2013 Albums of the Year (Part 1)

In a departure from our usual format, today we are going to recap some of the records we particularly enjoyed this year, many of which contain not a single train song. This makes no claim to be a definitive list – we listen to an assortment of music that in no way is comprehensive or systematic in its approach. This is the first in a series of year-end posts grouped roughly by genre. Today let’s cover some choice selections from the alt.country/americana side of the spectrum.

Jason Isbell – Southeastern
We’ve been fans of Isbell’s work for a long time – indeed many of our favorite Drive-By Truckers songs (“The Day John Henry Died,” “Decoration Day,” “Outfit,” etc…) were Isbell creations. Southeastern is a powerful step forward for him, full of songs that hit the listener straight in the gut. As a testament to his songwriting skills, he shifts effortlessly between characters as diverse as a friend of a cancer patient, a 19th century brigand, and semi-autobiographical tales dealing with his newfound sobriety.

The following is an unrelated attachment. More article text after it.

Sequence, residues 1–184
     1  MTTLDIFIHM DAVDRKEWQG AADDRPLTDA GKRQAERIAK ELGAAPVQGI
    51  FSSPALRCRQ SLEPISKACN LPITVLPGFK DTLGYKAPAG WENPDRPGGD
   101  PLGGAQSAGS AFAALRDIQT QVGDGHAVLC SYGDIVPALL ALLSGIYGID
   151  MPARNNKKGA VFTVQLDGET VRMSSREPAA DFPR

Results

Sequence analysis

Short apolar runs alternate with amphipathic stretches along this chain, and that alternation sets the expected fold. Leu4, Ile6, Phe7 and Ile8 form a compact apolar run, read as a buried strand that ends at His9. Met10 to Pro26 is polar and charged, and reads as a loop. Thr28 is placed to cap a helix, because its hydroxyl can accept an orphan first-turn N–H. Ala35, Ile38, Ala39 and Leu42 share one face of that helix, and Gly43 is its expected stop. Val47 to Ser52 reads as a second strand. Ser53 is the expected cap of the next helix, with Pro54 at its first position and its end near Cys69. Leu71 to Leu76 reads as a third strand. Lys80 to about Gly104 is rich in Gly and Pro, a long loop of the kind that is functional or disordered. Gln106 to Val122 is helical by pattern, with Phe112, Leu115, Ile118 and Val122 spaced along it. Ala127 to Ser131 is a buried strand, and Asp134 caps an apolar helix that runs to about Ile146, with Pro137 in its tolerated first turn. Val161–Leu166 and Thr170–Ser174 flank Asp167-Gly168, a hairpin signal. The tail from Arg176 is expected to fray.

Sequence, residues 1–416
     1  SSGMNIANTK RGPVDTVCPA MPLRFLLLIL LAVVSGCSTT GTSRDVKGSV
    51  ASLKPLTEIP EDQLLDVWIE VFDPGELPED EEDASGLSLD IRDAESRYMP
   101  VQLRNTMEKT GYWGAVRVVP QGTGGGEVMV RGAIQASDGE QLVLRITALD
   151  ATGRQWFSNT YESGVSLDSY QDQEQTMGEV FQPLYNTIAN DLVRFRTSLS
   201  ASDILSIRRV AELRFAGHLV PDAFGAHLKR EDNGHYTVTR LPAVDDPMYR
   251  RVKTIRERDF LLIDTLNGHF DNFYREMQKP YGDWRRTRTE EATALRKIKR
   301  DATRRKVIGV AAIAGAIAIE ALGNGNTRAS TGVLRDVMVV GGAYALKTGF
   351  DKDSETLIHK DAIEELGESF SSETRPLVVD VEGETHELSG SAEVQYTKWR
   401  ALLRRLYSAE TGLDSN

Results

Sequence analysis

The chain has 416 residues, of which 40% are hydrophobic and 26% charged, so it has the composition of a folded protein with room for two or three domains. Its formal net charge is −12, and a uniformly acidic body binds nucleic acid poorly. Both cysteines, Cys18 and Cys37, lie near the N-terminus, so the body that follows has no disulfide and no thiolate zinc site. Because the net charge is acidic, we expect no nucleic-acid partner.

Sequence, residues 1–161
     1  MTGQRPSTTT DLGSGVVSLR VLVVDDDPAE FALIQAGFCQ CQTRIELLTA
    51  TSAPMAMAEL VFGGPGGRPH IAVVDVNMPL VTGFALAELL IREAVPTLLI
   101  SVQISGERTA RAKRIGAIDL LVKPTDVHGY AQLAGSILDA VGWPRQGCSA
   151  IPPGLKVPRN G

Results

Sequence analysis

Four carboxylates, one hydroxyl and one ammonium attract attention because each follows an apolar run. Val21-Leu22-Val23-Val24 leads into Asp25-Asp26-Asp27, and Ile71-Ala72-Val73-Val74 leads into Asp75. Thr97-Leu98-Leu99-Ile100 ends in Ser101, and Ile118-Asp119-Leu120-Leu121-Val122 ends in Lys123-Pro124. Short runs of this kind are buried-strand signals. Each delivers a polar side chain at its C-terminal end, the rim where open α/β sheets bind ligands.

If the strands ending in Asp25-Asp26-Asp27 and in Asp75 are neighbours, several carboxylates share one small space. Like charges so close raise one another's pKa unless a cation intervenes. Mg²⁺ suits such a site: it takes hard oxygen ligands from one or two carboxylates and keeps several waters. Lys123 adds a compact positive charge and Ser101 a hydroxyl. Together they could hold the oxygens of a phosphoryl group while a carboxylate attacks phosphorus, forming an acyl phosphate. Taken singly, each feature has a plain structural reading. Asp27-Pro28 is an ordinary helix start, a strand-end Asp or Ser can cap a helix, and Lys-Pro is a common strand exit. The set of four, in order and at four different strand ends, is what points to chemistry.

Futurebirds – Baba Yaga
Few bands evoke the sense of murkiness of the South, and the weirdness at the margins of this seemingly straight-laced region, than this group out of Athens, Georgia. A proper heir to the southern gothic-laced sounds of early R.E.M., or perhaps an example of what My Morning Jacket would have sounded like if they soldiered on in the vein of their early records, and kept the reverb dial turned up to 11. This one is more of a slow boil, and more of a grower than their impressive first record. So come for the immediately striking atmosphere, and stay for revelations of stunning moments like the second half of “Dig.”

Mount Moriah – Miracle Temple